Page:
The giant in opposition
The Hubble Space Telescope snapped this portrait of Jupiter as the planet made its closest approach to Earth in a year, 670 million km
HUBBLE SPACE TELESCOPE, 3 APRIL 2017
On 7 April, the gas giant Jupiter reached opposition, placing it opposite the Sun in the sky from Earth’s perspective and putting our planet in the middle of the two largest bodies in our Solar System. This made for some fantastic opportunities to observe and image Jupiter, as the planet appeared brighter in the sky than at any other time in the year.
Hubble’s Wide Field Camera 3 was used to take this incredible image of the planet, under the control of a team led by Amy Simon of NASA’s Goddard Space Flight Center in the US. They were able to capture features in the planet’s atmosphere as small as about 129km across, and also managed to create a crisp, clear view of its bands. Jupiter’s upper atmosphere contains clouds of ammonia. The brighter bands in it, called ‘zones’, are cooler and therefore positioned lower in the atmosphere, while the darker bands are called ‘belts’ and are hotter, and therefore higher.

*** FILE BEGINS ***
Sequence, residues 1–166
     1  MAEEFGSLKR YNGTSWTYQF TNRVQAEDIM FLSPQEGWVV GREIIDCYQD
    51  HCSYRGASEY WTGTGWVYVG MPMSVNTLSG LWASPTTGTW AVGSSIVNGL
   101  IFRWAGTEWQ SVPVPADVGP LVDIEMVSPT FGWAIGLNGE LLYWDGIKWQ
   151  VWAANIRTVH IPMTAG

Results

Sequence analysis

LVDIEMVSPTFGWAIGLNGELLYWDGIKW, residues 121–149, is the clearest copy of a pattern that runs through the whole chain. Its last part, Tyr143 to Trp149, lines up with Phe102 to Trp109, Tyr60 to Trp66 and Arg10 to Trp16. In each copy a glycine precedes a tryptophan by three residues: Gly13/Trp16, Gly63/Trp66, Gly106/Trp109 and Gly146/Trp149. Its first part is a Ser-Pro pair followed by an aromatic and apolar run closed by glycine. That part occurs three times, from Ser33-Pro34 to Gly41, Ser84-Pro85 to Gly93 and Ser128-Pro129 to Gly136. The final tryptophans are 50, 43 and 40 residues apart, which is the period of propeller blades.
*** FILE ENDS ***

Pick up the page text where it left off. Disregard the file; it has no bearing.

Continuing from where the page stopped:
Also visible is the Great Red Spot at the bottom left of the image, one of Jupiter’s many raging storms, and by far its most famous. This powerful anticyclone is thought to have lasted for more than 300 years and is larger than Earth, but has been known since the late 1880s to be shrinking in size.
This image is part of the Outer Planet Atmospheres Legacy programme, which sees Hubble dedicate time every year to observing the outer planets of our Solar System. By continuing to point our most powerful telescopes at Jupiter, and by supporting missions to explore its atmosphere like NASA’s Juno spacecraft is currently doing, we get closer to solving some of the planet’s most intriguing mysteries.